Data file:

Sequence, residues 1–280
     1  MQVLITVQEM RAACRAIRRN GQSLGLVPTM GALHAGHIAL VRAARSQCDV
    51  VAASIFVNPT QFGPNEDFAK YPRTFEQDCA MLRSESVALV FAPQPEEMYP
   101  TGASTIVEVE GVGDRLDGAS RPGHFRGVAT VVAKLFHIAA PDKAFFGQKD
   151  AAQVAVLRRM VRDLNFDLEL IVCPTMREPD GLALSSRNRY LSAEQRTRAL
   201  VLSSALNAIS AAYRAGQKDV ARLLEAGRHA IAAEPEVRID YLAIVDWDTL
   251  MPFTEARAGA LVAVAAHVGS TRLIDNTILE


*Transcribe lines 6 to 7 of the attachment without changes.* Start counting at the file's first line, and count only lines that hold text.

   201  VLSSALNAIS AAYRAGQKDV ARLLEAGRHA IAAEPEVRID YLAIVDWDTL
   251  MPFTEARAGA LVAVAAHVGS TRLIDNTILE